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What is the point of Play?

Part 2 - Play is the Key Criteria for Healthy Brain Growth.

What do we all want for our children in primary school? We want reading, writing and maths right? (Sigh!)


What most people don’t know is that the neurological structures a child needs for those tasks are not “hard-wired” into the brain. By that I mean they are not present at birth. The child has to build the structures in their brain to accomplish these higher academic tasks (including communication and language).


The irony is that sitting at a desk listening to an adult speak is not the way a child develops these essential structures and is in fact a very ineffective method of learning altogether. The times when a child is moving freely, testing their limits and using their imagination are the times when this fundamental brain growth takes place at its best.


You can all imagine the adult who shouts, “Daniel! Stop being a pirate and come and do your homework.”, never once realising that being a pirate is the very thing that will give Daniel the fundamental structure in his brain to do the homework in the first place!


Neuroscientists seem to be moving towards an activity dependent model of brain growth which simply means that what we do in childhood is what grows our brains.  And the activity that builds the brain more than any other? Play! We can now see simple, freely chosen play as underpinning every academic discipline a child needs throughout their life.


When Daniel is being a pirate he is using his imagination. A study in 2015 showed that when using the imagination the brain lights up like a Christmas tree creating a neural network across the entire upper brain. This research makes a compelling argument that imaginative play is one of the most powerful brain development activities a child can ever experience. What else do we need a neural network for? Only every academic task a child needs in school from problem solving to communication to mathematical thinking. In a very real sense being a pirate is much more important than the homework could ever be. (Try telling that to your child’s teacher!)

 

What many adults also do not see is the inter-relationship between the types of play and a whole array of learning and development. For instance in almost every case of physical delay (or neuro-motor immaturity) in a child there is a corresponding delay in their communication and language. The physical movements a child undertakes do not just develop the parts of the brain associated with movement but parts of the brain associated with almost every aspect of their development. And when do children make these essential spontaneous movements? When they are playing of course. Not when an adult lines them up and tries to find out who is fastest but when children joyfully engage in a whole range of movements purely for their own enjoyment. The problem once again is that if one does not recognise the link between spontaneous, joyful movement and neurological development then it is easy to misunderstand, restrict, or dismiss it as frivolous. Far from being frivolous these playful movements are a key criteria for healthy brain growth.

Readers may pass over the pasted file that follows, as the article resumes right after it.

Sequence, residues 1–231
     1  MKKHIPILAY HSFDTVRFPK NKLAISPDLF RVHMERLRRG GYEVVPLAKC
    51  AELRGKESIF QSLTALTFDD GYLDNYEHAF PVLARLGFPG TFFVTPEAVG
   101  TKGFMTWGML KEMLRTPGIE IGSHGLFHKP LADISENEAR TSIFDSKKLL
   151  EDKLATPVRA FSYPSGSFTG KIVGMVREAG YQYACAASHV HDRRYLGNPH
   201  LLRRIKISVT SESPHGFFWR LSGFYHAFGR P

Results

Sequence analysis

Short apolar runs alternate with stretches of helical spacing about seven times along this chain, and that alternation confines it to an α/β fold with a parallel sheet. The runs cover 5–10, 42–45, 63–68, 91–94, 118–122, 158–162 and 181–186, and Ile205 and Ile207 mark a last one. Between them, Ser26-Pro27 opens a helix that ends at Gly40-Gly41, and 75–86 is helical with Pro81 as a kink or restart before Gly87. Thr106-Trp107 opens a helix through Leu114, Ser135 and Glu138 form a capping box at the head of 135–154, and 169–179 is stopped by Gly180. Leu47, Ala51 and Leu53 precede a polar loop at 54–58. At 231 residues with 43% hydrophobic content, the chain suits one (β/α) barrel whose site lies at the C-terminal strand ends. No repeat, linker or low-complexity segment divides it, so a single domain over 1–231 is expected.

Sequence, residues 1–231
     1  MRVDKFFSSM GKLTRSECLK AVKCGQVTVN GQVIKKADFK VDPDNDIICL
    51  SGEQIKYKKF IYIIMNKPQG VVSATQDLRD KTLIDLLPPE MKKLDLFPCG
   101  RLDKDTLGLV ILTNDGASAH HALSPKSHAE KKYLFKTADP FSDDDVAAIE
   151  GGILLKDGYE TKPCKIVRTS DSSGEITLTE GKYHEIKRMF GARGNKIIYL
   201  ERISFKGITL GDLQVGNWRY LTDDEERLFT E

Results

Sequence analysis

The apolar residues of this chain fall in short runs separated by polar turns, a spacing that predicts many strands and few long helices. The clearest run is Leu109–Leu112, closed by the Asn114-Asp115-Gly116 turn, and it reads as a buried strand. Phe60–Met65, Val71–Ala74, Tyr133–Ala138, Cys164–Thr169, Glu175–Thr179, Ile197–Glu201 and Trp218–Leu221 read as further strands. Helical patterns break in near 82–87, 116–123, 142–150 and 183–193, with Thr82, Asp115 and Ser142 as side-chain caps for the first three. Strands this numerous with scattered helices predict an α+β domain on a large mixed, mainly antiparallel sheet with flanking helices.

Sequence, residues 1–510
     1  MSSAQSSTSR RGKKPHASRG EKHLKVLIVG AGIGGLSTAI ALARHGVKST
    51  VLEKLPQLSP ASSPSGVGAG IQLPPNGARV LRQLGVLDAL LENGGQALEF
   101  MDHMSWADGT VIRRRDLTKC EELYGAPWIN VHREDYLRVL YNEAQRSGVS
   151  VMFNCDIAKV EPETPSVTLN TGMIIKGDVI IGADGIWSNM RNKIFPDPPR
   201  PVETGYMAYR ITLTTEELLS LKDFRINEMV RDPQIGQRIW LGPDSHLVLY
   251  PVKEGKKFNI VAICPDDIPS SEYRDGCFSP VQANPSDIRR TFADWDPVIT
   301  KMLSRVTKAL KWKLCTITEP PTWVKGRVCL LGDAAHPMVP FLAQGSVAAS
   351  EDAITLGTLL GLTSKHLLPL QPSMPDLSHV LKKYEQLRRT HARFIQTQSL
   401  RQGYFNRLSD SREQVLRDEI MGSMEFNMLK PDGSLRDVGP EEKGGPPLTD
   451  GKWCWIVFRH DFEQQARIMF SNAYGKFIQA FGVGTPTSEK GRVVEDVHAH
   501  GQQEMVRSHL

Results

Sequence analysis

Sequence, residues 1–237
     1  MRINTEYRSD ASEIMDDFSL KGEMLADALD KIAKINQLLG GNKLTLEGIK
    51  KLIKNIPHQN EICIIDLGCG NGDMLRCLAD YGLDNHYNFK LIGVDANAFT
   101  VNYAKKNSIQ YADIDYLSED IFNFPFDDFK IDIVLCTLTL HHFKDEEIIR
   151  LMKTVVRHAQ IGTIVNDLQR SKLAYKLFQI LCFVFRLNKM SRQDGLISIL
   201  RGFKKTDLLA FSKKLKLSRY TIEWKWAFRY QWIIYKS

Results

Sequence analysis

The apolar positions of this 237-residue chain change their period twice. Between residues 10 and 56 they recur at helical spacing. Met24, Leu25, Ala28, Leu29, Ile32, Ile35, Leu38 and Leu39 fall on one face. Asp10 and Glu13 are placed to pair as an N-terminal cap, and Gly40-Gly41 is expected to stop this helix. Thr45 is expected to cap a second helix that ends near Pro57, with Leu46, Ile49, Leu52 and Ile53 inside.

Studies in Play Deprivation indicate that as part of a spectrum of multiple deprivation lack of play can cause the brain of a child to be up to 30% smaller and malformed. This has been born out by studies in other mammals.


Bob Hughes describes Locomotor Play (one of 16 essential play types) as…

“Movement in any or every direction for its own sake….”


One interesting link is the correlation between physical development and communication and language acquisition. There are many reasons for this link between movement and communication one of which is that physical movement uses a neural network that overlaps areas for communication and language in the brain. Another is quite simply that children learn fine and gross motor skills through play and gross motor skills help children develop fine motor skills. The finest and most complex motor skill a child ever uses is the intricate movements of the tongue to form words.


We also know that symbolic play (another of Bob Hughes play types) underpins communication and language and helps activate many of the same areas of the brain. Language is itself symbolic and so every time a child pretends a stick is a wand or creates an internal voice for their action figures they are building essential structures for communication.

 

If you can convince parents that far from being frivolous, the playful experiences of children underpin high level thinking and neurological growth then hopefully they will understand that when you send them home covered in mud, paint, glitter and grass stains you are actually helping them to read, write and problem solve. (Good luck with that though!)


Article by Ben Kingston-Hughes (Managing Director of Inspired Children)


In part 3 of this blog we discuss the immense therapeutic benefits of play and why it is essential for mental health, emotional well-being and positive behaviour.


Part 3 - Play supports emotional well-being and has enormous therapeutic benefits.


If you want more details about how play profoundly affects children get in touch with us or book one of our award winning training courses.


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Articles


What is the Point of Play - Part 1


What is the Point of Play - Part 2


What is the Point of Play Part 3


Where Play sits on the Hierarchy of Needs


Is Homework Damaging Children?


More coming soon!